Using agents means minimal impact on bandwidth; Patch Manager can support up to 15,000 machines per server. It also means the system can be left in a permanent “on” state. Scanning and updating can be done continuously, without causing network congestion. Agentless and less robust agent-based solutions normally get around the traffic problem by scheduling scanning and deployment at very long intervals, but this can leave network computers unpatched for appreciable lengths of time.
Patch Manager provides numerous deployment capabilities, such as the ability to schedule the exact deployment date and time, to deploy multiple patches with a single action and to create policies to deploy a fix automatically to any computers that experience a specified future problem. Administrators can control download restart and bandwidth throttling for remote and dial-up connections. BigFix offers the ability to target fixes to specific computers, groups of computers or to Active Directory domains or organizational units.
Other nice features of Patch Manager are the ability to sort patches based on download size, release date, severity and product type and to create hierarchical machine groups to ease management and deployment. Additionally, Patch Manger provides multi-level administrator privileges and relevance evaluation of patches and affected machines.
The program continuously monitors patches until every machine is fixed.
BigFix mirrors all downloads to clients from a central mirror server, thus limiting external communication to the Internet and reducing the load on valuable external access while facilitating the enforcement of network restrictions.
On the client, Patch Manager requires no user input. The BigFix Enterprise Client has virtually no impact on system performance while it checks for new relevant Fixlet messages or applies actions to client computers. In most cases, patches and updates are applied without user knowledge or intervention. In rare cases, where user input is necessary or desirable, the IT administrator can post a message to inform the user of a pending action and request assistance. Thus, the administrator has control over user involvement.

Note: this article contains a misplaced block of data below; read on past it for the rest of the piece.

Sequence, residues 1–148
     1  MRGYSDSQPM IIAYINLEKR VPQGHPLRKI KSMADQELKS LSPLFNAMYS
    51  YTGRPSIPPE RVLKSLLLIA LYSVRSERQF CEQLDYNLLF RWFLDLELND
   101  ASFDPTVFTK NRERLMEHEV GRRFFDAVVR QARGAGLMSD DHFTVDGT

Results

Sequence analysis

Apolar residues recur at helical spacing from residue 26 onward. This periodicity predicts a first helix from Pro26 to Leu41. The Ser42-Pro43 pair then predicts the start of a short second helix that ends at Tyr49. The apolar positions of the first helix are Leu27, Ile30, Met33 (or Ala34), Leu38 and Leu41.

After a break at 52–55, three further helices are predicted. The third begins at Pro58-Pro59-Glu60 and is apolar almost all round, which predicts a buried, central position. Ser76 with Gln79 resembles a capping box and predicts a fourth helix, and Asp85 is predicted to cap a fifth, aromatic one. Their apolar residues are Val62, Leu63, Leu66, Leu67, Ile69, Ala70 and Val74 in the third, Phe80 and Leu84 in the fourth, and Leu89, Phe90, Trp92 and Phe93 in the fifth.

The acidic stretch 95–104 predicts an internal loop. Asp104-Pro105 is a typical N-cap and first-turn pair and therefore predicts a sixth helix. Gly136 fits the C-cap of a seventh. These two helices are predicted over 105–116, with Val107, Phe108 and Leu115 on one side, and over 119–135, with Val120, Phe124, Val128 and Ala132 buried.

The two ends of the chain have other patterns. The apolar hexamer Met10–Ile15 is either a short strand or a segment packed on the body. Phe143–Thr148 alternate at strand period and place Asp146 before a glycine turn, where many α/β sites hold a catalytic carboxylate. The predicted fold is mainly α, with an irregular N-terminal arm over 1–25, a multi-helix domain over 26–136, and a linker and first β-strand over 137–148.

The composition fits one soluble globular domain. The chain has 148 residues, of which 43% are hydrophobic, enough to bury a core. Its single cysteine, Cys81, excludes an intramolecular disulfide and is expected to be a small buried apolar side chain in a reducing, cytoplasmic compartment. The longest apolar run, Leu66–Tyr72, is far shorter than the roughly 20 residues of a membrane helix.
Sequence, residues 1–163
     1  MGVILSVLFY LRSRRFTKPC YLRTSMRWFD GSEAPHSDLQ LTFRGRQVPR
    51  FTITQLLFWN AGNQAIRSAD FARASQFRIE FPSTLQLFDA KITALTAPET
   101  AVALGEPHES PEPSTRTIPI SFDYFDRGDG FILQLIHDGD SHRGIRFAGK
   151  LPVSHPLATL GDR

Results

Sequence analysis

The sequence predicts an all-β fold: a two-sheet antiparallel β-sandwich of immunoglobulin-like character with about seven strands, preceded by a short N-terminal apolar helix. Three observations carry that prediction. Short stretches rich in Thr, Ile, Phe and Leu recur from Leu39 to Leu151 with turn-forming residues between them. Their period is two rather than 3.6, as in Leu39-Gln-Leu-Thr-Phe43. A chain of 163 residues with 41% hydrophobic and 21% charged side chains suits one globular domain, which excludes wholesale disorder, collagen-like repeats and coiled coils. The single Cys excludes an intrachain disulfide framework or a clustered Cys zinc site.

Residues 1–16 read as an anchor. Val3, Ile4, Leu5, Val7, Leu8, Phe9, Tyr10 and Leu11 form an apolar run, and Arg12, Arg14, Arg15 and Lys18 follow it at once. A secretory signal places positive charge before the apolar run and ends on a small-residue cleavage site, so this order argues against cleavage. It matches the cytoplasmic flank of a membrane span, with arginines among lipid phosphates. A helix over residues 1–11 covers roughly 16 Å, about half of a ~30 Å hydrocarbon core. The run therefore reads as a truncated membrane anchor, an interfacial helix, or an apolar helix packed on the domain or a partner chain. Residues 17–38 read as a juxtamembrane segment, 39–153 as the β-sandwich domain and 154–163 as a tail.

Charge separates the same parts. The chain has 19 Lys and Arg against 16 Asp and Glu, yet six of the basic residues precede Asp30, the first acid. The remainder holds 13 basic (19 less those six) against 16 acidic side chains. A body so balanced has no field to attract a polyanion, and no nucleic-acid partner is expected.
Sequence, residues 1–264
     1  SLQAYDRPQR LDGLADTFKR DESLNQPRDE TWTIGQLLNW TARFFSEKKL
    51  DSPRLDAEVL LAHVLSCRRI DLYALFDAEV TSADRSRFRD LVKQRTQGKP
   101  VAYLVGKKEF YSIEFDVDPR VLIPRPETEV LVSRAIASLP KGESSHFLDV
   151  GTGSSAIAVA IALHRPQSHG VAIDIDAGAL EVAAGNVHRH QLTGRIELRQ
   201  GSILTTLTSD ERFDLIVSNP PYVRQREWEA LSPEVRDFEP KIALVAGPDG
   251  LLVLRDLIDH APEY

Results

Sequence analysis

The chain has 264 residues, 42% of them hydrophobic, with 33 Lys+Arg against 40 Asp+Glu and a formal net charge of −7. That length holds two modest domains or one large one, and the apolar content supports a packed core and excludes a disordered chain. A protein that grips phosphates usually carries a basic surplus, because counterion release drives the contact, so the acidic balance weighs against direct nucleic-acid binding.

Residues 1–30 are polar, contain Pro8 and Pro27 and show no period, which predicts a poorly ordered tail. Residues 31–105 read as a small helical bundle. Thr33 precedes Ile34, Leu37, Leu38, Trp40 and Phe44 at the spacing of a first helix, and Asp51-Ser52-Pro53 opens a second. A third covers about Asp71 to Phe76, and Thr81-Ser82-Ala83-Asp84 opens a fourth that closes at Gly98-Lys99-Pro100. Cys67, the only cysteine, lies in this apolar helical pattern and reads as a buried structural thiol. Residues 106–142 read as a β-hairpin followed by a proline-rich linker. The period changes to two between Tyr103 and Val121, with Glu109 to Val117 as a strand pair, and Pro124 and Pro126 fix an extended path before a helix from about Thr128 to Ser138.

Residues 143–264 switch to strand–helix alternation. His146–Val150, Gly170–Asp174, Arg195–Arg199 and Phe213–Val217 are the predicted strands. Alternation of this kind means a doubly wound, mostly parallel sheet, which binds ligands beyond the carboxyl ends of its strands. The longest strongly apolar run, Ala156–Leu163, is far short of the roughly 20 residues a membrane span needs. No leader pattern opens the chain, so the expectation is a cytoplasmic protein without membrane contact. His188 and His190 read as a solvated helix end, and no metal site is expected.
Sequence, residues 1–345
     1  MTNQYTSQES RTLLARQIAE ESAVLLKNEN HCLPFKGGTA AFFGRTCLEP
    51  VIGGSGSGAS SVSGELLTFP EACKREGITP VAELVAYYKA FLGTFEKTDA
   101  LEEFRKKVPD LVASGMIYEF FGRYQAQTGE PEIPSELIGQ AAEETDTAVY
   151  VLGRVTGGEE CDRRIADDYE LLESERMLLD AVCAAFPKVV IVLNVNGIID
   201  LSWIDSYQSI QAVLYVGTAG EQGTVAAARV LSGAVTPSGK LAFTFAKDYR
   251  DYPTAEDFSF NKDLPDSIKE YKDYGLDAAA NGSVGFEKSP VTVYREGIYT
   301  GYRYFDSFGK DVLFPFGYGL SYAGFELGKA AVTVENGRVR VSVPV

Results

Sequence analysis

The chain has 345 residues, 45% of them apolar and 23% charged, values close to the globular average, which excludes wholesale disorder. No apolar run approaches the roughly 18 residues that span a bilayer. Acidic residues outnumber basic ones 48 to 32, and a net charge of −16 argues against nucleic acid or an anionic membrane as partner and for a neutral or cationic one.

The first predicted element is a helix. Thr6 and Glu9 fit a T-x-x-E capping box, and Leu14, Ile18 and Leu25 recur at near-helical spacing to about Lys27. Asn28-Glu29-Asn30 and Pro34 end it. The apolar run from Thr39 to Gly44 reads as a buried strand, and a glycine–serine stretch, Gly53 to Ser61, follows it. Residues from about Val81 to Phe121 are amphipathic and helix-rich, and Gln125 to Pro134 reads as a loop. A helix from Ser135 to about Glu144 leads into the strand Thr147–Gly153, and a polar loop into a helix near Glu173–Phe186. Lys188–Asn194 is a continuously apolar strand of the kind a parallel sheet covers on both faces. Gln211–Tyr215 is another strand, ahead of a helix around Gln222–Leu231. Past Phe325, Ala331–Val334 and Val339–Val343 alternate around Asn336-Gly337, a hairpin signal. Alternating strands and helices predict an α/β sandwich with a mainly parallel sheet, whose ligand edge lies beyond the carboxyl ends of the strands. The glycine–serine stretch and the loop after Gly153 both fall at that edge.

The Fixlet writing function allows you to create and enforce policies across the enterprise, with the same ease and relentlessness as patching. Let’s say you don’t want your users to install Kazaa and tie up company bandwidth downloading mp3 files. You can write a simple Fixlet that will go out and hunt it down and remove it. And it will keep on doing this until the employee with Kazaa fixation either gives up or gets fired.
BigFix Patch Manager 3.0 is an excellent product with an elegant and extensive architecture and richness to its design. At the same time, it’s the most expensive of all the solutions in this roundup. In a vast enterprise with a substantial IT budget, this is not a real problem, and the expense is easily justified. In a small enterprise, the extra cost may be hard to justify, making it necessary to turn elsewhere.
Ecora Patch Manager 2.0
Yes, you read right. There are two Patch Managers being reviewed. Life got more complicated when Ecora’s PatchMeister became Patch Manager 2.0 (reviewed here); and by the time you read this, it will have morphed into Patch Manager 3.0, further confusing it with BigFix’s Patch Manager 3.0.
Patch Manager is the evolution of Ecora’s free patch management tool released last year. Patch Manager is part of Ecora’s Total Configuration Management platform, which includes Enterprise Auditor 3.0. The platform, which uses an agentless architecture, includes features such as cross-platform configuration reporting in Enterprise Auditor, support in Patch Manager for Microsoft Terminal Services and the ability to push patches to SQL and Exchange servers.
Patch Manager 2.0 requires NT 4.0 with SP4 (either Workstation or Server), Windows 2000 or XP. The Remote Registry Service must be enabled. The machine should have at least a 500MHz CPU, 256MB of RAM , Internet Explorer 5.01 SP2 or higher, 35MB of free disk space available for software, as well as sufficient disk space for the patch repository.